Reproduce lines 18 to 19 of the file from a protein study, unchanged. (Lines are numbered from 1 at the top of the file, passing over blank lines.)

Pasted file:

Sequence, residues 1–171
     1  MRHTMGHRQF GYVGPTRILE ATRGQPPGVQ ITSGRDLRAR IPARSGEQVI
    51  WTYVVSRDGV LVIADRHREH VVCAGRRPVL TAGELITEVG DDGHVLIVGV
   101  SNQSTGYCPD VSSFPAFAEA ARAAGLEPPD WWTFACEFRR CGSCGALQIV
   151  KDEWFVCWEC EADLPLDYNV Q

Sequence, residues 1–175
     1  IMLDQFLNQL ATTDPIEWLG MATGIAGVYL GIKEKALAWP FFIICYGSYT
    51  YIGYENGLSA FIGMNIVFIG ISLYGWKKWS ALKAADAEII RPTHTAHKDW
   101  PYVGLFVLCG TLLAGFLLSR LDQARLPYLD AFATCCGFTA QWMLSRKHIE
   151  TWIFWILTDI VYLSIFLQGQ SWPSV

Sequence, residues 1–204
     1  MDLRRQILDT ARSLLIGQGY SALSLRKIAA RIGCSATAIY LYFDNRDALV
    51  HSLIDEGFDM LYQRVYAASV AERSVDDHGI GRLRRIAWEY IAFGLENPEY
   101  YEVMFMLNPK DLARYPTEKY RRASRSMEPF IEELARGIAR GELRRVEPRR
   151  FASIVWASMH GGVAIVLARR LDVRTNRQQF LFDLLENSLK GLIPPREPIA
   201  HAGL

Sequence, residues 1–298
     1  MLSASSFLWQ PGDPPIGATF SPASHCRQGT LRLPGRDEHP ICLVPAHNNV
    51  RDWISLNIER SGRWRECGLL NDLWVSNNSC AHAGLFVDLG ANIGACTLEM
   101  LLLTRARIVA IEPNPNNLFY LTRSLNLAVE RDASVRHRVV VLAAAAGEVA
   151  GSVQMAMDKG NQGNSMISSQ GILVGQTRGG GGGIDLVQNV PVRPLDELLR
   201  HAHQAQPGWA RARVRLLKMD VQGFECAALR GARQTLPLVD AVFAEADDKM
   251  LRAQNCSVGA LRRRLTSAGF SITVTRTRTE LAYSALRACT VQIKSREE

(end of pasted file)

     1  MLSASSFLWQ PGDPPIGATF SPASHCRQGT LRLPGRDEHP ICLVPAHNNV
    51  RDWISLNIER SGRWRECGLL NDLWVSNNSC AHAGLFVDLG ANIGACTLEM